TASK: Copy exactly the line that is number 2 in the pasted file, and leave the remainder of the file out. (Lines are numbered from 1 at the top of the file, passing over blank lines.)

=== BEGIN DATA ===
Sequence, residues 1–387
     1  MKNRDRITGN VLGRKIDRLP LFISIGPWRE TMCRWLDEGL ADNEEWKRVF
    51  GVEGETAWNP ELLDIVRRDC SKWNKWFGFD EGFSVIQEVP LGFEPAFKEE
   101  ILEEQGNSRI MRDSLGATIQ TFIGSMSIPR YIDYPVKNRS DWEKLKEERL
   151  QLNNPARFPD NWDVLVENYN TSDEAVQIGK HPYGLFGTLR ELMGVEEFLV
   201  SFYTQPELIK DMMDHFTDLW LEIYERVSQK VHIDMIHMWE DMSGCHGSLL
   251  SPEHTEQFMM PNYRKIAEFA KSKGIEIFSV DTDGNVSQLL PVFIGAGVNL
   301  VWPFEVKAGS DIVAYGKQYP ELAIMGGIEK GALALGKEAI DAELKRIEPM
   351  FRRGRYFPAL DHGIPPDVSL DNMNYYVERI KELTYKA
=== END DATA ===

     1  MKNRDRITGN VLGRKIDRLP LFISIGPWRE TMCRWLDEGL ADNEEWKRVF